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October 05, 2000

Sailor Ninja

In some ways, this month's show is cut from old cloth, very threadbare indeed. We
have a hapless heroine, a magical talisman, intrepid enemies and an oft-repeated
transformation scene. Sailor Ninja, anyone? But all is not as bleak as it at
first seems.

Going into this show, you think you're either gonna love it or hate it. The
American release, for instance, has the cumbersome title, "Jubei-chan, the Ninja
Girl: Secret of the Lovely Eyepatch", enough to subdue any asthmatic otaku. Then
try to recite that whole mess with the first episode name:

Jubei-chan, the Ninja Girl: Secret of the Lovely Eyepatch, episode 1:

The Birth of Yagyu Jubei II

It begins to sound a bit like the old children's song: there's a frog on the bump
on the log in the hole on the bottom of the sea...

About five minutes into the first episode, I was fearing that I'd be in the 'hate
it' camp. But I toughed it out, and I watched the entire four-episode DVD. In
fact, I watched it in a rather unfair manner. My daughter wanted to watch the
first episode with me, so I gave her the choice of dubbed into English, or
subtitled in the original Japanese (where I usually read the subtitles, since at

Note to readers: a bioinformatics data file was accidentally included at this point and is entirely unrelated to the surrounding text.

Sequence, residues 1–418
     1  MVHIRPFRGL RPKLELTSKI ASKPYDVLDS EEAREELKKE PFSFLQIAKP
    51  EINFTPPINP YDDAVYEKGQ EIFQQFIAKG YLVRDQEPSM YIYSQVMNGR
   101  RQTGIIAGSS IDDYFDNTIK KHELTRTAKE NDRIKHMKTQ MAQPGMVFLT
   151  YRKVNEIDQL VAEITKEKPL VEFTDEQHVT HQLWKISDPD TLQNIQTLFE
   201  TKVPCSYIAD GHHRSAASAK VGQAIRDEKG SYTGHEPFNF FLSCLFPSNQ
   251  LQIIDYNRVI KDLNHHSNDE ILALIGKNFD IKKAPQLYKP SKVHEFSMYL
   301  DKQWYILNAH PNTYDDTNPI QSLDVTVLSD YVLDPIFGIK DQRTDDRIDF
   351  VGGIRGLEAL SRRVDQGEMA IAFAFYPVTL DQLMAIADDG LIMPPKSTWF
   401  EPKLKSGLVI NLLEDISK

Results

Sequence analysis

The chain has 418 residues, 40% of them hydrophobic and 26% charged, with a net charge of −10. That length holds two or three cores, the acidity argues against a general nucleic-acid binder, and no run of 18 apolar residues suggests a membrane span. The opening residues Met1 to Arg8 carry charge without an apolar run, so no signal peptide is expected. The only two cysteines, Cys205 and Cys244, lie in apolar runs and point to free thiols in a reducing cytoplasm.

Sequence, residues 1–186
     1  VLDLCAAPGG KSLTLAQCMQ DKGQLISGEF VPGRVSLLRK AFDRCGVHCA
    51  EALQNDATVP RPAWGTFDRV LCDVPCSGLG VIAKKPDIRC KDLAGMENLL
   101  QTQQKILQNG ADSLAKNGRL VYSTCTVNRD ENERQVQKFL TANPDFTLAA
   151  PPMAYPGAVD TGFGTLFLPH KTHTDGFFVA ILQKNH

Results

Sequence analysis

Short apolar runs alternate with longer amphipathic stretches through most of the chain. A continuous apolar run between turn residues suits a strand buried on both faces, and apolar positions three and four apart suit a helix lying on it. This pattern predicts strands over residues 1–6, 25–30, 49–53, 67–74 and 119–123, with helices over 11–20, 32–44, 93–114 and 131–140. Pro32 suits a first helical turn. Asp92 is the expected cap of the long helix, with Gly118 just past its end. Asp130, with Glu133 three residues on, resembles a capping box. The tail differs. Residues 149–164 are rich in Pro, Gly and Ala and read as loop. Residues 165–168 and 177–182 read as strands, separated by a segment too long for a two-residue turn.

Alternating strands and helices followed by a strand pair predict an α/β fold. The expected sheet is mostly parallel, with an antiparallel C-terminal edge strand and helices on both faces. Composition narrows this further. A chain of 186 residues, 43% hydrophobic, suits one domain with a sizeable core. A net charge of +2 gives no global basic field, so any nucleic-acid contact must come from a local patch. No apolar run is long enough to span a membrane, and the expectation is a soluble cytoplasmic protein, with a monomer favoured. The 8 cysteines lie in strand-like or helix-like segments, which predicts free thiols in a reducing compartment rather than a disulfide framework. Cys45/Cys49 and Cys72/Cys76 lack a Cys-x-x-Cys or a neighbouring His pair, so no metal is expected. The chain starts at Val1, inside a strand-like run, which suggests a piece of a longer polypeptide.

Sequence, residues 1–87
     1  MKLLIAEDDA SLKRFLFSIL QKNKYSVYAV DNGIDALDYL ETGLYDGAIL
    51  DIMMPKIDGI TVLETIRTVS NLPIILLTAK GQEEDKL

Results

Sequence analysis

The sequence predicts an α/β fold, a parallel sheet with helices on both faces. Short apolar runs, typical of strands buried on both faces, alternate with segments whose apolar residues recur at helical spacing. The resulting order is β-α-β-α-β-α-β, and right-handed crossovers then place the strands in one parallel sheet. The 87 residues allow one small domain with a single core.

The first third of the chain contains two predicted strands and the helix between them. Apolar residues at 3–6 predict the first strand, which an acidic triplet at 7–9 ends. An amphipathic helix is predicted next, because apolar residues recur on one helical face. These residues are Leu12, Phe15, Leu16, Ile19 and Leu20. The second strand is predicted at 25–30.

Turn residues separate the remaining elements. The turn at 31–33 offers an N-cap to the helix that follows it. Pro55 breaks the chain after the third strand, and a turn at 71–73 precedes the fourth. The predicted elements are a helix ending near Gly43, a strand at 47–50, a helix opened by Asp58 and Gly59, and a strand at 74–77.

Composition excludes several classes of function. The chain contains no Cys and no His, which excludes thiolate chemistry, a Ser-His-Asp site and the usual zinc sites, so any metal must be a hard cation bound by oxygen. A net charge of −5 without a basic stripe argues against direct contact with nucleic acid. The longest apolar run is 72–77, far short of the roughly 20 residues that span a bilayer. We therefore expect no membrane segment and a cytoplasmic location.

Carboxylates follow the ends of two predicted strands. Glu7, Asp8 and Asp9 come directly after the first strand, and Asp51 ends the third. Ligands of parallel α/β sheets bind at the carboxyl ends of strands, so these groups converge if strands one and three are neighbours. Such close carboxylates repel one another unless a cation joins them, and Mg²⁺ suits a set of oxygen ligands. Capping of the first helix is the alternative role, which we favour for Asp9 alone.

five years old, she hasn't quite worked out how to read them herself). She chose
dubbed (the traitor). Well, Kelly enjoyed it, but I was squirming, and by the end
of the episode I wasn't sure I'd want to do another.

But Kelly went to bed, and after the bedtime story I went back to the chamber of
horrors and queued up episode two. But this time I did it my way. Japanese with
English subtitles. Suddenly the show was flowing, the telegraphic, hurky-jerky
feel of the first episode had vanished to be replaced by a smooth B-grade
storyline. I was puzzled.

Was the show really such a poor starter? I fumbled with the DVD remote control
until I discovered the button to toggle from Japanese to English and back.

English: the show began to creak, my eyelids started to drop.

Japanese: a flicker of interest returned to my eyes. The voices seemed lively,
natural, if obviously theatric.

English: Theatric voices turned into lampoons. A few of the actors managed to
capture some semblance of the drama and comedy of each moment, but most of the
others seemed either limp and lifeless, or so over the top as to seem in another
show entirely.

Eureka! Having made my discovery, I left the deck in Japanese mode for the second
and third episode, then went to bed to mull the phenomenon in my dreams. The
following morning I watched the last episode with my daughter, dubbed (sob).

I admit it, I am a subtitle bigot, a member of that elite two percent of the
American populace who would rather read text on the bottom of the screen and hear
the original actors, emoting at the behest of the original director, than have my
eyes freed to gaze on the scenery while American actors do their best to entrain
their voices to the prescored lip movements on the screen. But I'm not so